"Cross My Heart"
The Rocket Summer
Waking up to chill wafts of air from an open window instead of a dusty fan is revitalizing; spring is creeping around the corner and into my lungs.
After not bothering to pay attention to the weather forecast during the New England freeze (There's snow on the ground. Okay, sweatshirt and pants.) I find myself clicking the 10-day forecast profusely while sitting in a bathrobe, waiting for Mother Nature's word on what I am allowed to accessorize for the day.
Certain aspects of our lives change with the season; we slough off the long johns, bulky boots, restrictive mittens and gloves. Materialism aside, many even opt for a change of tune.
During the not so sunny days of darkness after 5p.m, the music in constant rotation was that of a more mellow, guitar twinged sound: M. Ward's 'To Go Home' had me longing for my father's rural home in Massachusetts, Matt Pond PA's "Halloween" reminded me of my isolatory ways in public situations (not being able to speak at parties where socialization is out of the question), with every song comes an accompanying thought.
Once the temperature creeps up to 50 degrees, it's as if that overthinking fold of the brain decides to go on a vacation, yet checks a Blackberry daily for updates on the body's functionality. Another section of the brain sits in for the other on leave, but this one isn't employee of the month material, this little guy wants to kick his feet up in the cubicle and have a nice drink.
This is when the musical maniac in me begins to crave lighter, flow-through-your-room airy delights; songs reminiscent of the better days. Even though I am constantly trolling the music industry for new artists, during the hotter months I tend to pull out favorites that remind me of past summer memories. As a certain smell can trigger a figment of something once thought forgotten, music has always been a major firecracker that helps one remember an ex-significant other, a childhood home, and even a deceased loved one.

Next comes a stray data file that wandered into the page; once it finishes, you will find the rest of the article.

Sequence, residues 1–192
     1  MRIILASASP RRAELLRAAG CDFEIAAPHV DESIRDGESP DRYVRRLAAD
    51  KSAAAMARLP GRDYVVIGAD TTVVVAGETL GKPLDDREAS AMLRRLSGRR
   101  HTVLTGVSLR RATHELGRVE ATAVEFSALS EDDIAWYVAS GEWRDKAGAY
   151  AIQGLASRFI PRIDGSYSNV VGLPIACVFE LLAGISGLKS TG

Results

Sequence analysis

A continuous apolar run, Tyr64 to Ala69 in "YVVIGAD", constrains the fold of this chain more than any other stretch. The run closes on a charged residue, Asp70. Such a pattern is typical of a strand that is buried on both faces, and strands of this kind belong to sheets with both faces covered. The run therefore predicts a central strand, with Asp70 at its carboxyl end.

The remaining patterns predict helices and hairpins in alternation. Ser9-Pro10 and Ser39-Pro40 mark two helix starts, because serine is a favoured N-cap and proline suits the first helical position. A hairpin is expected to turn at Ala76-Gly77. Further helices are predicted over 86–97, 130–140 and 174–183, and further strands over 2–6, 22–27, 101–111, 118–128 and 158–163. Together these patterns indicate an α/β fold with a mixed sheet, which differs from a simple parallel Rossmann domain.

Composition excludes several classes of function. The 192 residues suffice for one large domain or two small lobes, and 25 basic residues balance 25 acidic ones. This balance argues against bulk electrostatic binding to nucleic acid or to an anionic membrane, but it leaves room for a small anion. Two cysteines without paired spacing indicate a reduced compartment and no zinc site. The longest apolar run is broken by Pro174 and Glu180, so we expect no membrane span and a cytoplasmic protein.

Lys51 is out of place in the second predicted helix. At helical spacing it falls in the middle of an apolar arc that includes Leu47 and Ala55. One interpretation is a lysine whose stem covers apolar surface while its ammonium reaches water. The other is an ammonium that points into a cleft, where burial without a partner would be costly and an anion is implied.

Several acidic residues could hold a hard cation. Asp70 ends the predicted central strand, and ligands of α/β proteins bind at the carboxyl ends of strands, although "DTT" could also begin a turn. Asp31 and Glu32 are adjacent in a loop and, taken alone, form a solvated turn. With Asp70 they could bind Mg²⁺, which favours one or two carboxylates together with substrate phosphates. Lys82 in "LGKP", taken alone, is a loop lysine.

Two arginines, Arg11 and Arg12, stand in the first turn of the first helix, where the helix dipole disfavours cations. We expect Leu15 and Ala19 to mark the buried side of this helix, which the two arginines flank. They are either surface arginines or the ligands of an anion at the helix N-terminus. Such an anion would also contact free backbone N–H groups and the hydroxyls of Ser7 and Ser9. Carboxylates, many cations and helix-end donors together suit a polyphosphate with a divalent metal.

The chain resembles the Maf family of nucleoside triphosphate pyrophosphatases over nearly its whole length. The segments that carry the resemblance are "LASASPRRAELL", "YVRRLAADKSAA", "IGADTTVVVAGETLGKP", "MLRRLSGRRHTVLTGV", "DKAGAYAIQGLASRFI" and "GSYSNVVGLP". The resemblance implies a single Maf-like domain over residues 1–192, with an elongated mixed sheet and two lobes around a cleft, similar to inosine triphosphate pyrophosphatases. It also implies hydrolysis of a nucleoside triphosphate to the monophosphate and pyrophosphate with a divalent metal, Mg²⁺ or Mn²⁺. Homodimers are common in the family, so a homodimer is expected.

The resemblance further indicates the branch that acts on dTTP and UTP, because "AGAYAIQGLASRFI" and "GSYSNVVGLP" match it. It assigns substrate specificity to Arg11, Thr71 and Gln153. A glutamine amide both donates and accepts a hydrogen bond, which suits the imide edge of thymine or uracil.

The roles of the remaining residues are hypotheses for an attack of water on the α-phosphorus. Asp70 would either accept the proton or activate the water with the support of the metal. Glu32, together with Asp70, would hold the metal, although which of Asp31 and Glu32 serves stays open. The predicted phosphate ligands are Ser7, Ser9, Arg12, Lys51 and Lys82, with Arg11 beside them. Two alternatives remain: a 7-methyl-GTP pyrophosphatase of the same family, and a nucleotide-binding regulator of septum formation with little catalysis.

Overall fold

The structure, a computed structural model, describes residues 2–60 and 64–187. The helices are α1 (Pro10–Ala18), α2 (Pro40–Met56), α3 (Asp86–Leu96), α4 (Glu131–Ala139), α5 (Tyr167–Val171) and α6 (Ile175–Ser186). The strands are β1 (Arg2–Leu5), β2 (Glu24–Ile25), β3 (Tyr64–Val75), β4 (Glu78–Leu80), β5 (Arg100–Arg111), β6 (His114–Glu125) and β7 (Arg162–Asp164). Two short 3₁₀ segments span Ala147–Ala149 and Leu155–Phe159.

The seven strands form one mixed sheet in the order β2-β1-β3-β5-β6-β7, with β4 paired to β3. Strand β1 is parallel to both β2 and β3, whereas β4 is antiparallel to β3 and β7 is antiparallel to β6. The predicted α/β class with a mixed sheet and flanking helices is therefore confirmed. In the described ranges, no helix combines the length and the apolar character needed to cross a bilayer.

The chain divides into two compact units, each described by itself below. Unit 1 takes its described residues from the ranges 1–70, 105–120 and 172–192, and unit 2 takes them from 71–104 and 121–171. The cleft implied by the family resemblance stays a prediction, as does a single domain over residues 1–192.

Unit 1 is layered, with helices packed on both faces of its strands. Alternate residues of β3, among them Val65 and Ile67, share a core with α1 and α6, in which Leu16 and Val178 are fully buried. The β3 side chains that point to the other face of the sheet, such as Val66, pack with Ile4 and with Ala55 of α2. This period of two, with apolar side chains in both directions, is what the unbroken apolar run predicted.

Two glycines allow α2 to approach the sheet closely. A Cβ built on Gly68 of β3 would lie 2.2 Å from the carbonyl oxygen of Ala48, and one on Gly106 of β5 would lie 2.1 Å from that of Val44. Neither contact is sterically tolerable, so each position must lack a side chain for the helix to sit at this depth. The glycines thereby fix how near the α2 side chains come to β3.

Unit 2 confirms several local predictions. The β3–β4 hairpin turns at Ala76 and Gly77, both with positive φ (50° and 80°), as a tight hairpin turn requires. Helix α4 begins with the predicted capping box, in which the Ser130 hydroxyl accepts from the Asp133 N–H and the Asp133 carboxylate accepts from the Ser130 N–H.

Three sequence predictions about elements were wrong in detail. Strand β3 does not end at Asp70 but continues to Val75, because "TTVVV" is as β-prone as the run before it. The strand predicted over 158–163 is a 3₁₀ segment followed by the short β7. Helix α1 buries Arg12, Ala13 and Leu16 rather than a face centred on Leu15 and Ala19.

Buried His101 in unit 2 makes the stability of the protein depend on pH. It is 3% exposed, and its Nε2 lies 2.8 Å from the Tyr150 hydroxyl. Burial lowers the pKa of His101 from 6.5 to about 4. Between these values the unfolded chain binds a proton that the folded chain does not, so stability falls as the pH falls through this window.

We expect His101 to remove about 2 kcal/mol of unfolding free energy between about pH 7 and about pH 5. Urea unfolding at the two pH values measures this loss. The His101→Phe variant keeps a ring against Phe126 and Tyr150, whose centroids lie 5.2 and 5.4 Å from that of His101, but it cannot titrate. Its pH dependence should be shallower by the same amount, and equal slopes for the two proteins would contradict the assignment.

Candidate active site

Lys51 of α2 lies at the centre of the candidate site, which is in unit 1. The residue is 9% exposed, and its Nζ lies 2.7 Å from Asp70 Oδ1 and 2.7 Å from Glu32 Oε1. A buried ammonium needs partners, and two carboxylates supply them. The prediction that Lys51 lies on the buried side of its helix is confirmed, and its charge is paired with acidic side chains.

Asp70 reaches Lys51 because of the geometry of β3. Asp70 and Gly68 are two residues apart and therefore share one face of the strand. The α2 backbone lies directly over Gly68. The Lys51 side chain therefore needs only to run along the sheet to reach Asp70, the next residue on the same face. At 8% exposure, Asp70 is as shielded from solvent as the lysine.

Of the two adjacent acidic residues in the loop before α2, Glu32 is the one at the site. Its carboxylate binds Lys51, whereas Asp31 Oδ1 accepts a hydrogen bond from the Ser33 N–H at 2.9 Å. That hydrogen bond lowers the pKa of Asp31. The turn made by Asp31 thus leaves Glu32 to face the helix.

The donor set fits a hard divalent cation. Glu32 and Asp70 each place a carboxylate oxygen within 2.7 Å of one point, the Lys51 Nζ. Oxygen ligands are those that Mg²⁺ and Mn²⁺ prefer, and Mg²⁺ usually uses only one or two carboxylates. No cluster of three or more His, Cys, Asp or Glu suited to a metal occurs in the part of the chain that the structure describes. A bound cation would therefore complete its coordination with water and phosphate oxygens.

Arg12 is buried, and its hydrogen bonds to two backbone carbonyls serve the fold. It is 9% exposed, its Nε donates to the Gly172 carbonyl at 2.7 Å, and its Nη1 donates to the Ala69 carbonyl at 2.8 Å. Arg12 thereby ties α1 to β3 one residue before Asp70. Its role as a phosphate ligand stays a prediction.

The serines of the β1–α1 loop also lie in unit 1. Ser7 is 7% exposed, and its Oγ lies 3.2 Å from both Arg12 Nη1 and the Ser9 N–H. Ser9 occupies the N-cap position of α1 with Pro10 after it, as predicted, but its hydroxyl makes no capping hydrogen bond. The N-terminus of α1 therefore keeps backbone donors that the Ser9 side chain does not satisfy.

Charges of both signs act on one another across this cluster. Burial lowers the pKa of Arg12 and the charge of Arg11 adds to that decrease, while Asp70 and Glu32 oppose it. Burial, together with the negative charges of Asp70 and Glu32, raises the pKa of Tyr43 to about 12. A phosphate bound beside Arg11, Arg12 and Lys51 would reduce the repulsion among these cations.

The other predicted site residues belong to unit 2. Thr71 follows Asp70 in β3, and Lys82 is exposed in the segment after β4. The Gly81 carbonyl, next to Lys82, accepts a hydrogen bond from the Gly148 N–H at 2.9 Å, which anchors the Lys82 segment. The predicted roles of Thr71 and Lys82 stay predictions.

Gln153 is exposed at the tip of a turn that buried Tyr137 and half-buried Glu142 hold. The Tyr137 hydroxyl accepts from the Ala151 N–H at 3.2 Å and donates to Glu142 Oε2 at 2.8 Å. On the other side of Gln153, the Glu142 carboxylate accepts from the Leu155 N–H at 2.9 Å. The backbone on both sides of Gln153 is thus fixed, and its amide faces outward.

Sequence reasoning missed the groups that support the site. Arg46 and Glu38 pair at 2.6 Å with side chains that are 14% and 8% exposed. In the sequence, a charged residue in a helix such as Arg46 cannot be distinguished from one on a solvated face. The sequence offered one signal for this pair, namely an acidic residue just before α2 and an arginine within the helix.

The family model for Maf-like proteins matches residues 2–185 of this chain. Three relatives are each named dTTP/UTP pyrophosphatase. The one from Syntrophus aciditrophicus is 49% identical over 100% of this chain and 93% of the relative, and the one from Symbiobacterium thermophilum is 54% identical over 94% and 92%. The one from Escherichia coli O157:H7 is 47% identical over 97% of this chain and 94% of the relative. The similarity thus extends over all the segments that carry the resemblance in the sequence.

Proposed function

There is a warmer weather memory I have thought of constantly recently, and have tried my best not to be too melancholy over: driving solo in a car with no destination in mind, with the windows down and the stereo cranked. The two songs at the top have found their way into my past automobiles during these months for the past four years, where I loudly sing along tit for tat, note for note. Being momentarily without a vehicle, this could pose a threat to my ritualistic pleasures.
For this, I have found a temporary solution of planning walks, hikes, camping trips, and I can still of course enjoy my upbeat selections while being a trooper and taking public transportation. I may have to resist the temptation of singing, a stranger would probably tell me to not quit my day job, and then I'd overthink the reasons I don't have one.